I don’t know who coined the phrase “women get old and men get distinguished,” but it isn’t true. Mother Nature sayeth otherwise. Young women who delay childbearing are regularly lectured on the risks associated with aging eggs: a higher incidence of chromosome disorders like Down syndrome, more miscarriages, infertility, and so on. Now that egg freezing is possible, it is aggressively marketed to women in their thirties and even younger via campaigns designed to remind them of their risk. But the biological clock does not tick-tock for women alone.
Men have similar risks, but they are less likely to hear about it. Men’s sperm decline in quality and quantity as they age. As with women, this trend begins after age 35 and accelerates after 40. But there is no hard limit on the age at which men can, in theory, father a child. This, however, can be misleading. Well-publicized examples of late-in-life offspring may contribute to a confidence in male fertility that obscures biological realities.
As the prospective father ages, couples are less likely to conceive, even when his partner is in her twenties. That’s because fertilization is a process that has evolved to test sperm quality, and the egg is a fortress designed for that purpose. Older men produce fewer, slower sperm that are less often able to storm the castle or breach its walls.
When couples do achieve a pregnancy, there are questions about how advancing age might affect the health of the child, and again, there are risks related with increasing age in both the mother and the father. But the risks associated with advanced paternal age are much less publicized.
An older father is more likely to pass along some harmful genetic changes. A variety of rare conditions are a bit less rare among children of older fathers. These include certain skeletal dysplasias, some cancer-causing syndromes, and the most common form of dwarfism. Advancing paternal age has also been shown to increase a child’s risk for both schizophrenia and autism.
The risks of having an older mother or an older father are analogous but not identical, because until the moment of their union, eggs and sperm live very different lives. Females produce a vast quantity of eggs early in development and warehouse them until they are needed. In fact, it is ironic that it took us so long to figure out how to freeze eggs because, biologically speaking, they are quite at home in a state of suspended animation. That’s how they hang, most of the time. A handful of eggs mature each month after puberty, and usually only a single egg becomes available for fertilization. When fertilization occurs, that egg splits its chromosome pairs in two, making room for dad to contribute half the embryo’s DNA. But older eggs perform this splitting business less reliably, so the resultant embryos are at greater risk of ending up with all or part of a chromosome deleted or repeated.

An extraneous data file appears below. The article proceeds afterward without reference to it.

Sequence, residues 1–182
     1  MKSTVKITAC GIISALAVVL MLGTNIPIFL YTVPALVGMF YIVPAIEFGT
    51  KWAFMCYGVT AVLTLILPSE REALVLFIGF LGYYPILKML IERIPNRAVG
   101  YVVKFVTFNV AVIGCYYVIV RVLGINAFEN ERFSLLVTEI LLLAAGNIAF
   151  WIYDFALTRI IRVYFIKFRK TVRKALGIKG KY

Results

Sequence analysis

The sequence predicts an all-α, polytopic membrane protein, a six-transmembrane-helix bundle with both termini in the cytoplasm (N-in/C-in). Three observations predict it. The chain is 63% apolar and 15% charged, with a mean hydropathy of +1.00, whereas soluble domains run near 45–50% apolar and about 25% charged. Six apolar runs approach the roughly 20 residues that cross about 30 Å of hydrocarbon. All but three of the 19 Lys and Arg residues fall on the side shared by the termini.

Sperm, on the other hand, don’t get stockpiled, and must be continually regenerated throughout a man’s fertile life span. This means that the sperm precursors start duplicating and dividing at puberty, and just keep going. Over time, they accumulate errors — not big changes, but small changes — like the substitution of one base pair for another in the DNA.
Although the changes are small, their consequences can be serious. What differentiates these changes from those associated with older eggs is not that one is more significant than the other; it is that one is amenable to testing and the other is not. Prenatal testing is good at identifying the type of chromosome anomalies that are more common as women age. We’ve been doing those tests for decades and, for this reason and others, we tend to discuss women’s options and risks of childbearing at an older age. But we don’t have a test to offer for the things associated with advanced paternal age, nor is one on the horizon. So when it comes to older dads, it’s crickets from the medical community.
But even without a test, men have options if they understand their risks: They can have their children earlier, or they can freeze their sperm. We freeze sperm for IVF and sperm donation all the time. We know that it’s not dangerous; it’s not expensive; it’s not invasive; and it works. It’s actually an easier procedure and a safer bet for achieving pregnancy than egg freezing. So why is there an entire cottage industry hawking egg freezing and nary a mention of sperm?
We don’t market to men because they don’t know that advanced paternal age is an issue. Our failure to discuss the risks associated with advanced paternal age isn’t just a medical phenomenon, it’s a social phenomenon. We’ve bought into a narrative that suggests fertility is a woman’s concern and infertility is a woman’s fault. No one talks to men about the dangers of postponing fatherhood because people think it’s a women’s issue, and the fact that we don’t talk about it perpetuates this false and dispiriting notion.
Making women feel the world is a bit less unfair is a noble goal, but there are even better reasons why it’s important to discuss the negative effects of advanced paternal age. I know it’s hard to ask men to give up the myth of ageless male fecundity, but it’s empowering as well. Men, their partners, and the next generation deserve a real conversation about parenthood and the consequences of aging.